Edge told the committee about the Saudi national in his verbal testimony before the committee.

“In January 2012, for example,” Edge testified, “ICE special agents from our Washington, D.C., office arrested a Saudi Arabian national who was admitted as an F-1 nonimmigrant student and violated the term and condition of his admission."

“The individual,” Edge said, “was referred for investigation after his status was terminated in SEVIS [Student and Exchange Visitor Information System] for failure to maintain student status as well as for possessing several indicators of national security concerns, including threatening to blow up the White House and the Saudi Arabian cultural mission to the United States.”

SEVIS is an Internet-based system created by DHS to house information about people who come to the United States on student visas.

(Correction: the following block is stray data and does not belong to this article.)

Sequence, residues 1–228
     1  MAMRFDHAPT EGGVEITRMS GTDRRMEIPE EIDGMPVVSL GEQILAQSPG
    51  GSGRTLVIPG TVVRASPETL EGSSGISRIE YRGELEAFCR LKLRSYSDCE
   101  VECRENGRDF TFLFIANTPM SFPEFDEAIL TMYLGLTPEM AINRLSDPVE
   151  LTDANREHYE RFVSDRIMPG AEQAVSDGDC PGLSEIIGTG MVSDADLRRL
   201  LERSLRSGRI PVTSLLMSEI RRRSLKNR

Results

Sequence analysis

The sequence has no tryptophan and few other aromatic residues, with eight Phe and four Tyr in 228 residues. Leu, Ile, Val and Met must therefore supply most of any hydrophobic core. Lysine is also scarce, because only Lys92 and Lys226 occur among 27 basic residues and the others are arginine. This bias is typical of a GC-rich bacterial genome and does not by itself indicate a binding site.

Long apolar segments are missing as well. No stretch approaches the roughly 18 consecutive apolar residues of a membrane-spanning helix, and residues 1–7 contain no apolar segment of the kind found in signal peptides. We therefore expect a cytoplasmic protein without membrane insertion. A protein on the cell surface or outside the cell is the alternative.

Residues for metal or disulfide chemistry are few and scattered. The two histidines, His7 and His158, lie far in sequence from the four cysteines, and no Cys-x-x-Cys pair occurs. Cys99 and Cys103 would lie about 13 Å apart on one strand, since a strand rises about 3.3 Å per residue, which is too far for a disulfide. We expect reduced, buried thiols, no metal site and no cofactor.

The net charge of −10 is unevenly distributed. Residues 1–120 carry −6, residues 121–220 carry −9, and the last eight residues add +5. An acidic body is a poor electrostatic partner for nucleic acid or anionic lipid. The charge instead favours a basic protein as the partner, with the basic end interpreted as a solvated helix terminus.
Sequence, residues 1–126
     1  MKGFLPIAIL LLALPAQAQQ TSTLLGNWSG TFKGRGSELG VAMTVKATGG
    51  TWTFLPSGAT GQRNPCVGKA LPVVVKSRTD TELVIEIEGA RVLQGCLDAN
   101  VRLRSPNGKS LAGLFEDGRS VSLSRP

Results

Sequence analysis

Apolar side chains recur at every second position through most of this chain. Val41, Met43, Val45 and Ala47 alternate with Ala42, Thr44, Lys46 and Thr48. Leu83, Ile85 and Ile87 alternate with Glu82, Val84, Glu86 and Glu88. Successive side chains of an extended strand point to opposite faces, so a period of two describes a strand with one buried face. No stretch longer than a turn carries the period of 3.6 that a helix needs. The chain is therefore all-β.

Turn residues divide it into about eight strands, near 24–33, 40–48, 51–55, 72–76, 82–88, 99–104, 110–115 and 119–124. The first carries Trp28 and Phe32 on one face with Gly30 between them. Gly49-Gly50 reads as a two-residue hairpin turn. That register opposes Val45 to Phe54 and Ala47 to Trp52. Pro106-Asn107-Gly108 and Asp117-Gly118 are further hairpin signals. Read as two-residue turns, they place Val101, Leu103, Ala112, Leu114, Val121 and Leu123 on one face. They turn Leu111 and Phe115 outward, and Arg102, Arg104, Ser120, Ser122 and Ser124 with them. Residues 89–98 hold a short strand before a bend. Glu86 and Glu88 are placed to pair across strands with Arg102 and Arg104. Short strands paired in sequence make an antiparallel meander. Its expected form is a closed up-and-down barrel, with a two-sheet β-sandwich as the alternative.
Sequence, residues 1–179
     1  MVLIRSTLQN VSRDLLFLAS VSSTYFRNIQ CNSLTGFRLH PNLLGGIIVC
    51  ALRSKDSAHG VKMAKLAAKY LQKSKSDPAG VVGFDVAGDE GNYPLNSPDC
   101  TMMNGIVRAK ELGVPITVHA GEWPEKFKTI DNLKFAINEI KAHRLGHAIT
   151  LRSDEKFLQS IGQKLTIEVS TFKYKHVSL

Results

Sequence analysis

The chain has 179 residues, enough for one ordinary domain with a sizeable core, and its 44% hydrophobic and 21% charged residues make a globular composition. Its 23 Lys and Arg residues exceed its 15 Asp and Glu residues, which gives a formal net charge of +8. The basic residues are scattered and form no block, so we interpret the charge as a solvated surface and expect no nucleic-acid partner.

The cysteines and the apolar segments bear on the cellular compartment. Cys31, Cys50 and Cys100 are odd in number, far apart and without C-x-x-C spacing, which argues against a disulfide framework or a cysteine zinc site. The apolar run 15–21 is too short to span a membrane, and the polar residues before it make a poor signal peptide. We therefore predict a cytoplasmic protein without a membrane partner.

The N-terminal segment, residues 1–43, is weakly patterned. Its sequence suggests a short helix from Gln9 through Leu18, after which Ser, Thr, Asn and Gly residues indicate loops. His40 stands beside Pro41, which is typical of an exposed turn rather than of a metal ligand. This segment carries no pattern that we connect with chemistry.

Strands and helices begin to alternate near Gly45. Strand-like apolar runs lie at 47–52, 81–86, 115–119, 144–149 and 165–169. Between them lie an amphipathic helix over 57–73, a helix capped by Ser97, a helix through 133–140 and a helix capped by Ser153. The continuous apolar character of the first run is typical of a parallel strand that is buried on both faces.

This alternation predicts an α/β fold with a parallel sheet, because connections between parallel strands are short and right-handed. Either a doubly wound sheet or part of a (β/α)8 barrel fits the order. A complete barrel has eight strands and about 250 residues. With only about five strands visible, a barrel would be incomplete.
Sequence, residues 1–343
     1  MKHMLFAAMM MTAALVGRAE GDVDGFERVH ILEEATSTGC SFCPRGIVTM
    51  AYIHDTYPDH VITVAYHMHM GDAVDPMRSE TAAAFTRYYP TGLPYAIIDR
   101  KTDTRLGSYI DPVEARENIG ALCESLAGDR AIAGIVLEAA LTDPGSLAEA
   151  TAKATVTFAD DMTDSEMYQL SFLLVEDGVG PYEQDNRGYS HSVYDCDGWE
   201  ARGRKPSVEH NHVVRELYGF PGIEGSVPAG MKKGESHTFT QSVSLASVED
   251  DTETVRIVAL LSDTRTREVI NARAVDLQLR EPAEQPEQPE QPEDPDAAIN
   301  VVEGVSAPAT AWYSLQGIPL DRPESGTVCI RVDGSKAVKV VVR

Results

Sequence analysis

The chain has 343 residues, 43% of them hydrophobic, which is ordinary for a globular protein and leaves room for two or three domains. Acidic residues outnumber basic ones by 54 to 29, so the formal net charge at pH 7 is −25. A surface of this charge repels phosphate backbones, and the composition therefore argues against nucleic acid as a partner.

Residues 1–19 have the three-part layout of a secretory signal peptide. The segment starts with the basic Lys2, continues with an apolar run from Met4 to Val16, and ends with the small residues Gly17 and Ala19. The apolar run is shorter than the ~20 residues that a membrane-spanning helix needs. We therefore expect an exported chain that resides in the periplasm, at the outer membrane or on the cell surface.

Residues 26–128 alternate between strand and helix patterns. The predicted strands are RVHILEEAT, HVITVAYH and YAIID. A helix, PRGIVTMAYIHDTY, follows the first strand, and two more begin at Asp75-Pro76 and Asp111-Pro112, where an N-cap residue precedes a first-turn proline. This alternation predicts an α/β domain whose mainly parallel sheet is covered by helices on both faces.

After Cohen and Edge testified in the subcommittee, CNSNews.com asked ICE a series of questions about the Saudi national the two officials said had threatened to blow up the White House: Has he, or will he, be charged with any crime? Is the individual in custody or has he been removed? Where and what was he studying? How long has he been in the United States?

ICE initially responded by directing CNSNews.com to the local police department of Fairfax County, Va., saying that it was handling the investigation.

Fairfax County Police Spokeswoman Shelley Broderick confirmed that her department carried out an investigation of the Saudi national, but said that the police department could not provide any information about him because he had never been charged by them. Broderick added that federal authorities, not local ones, would be responsible for any terrorism-related charges.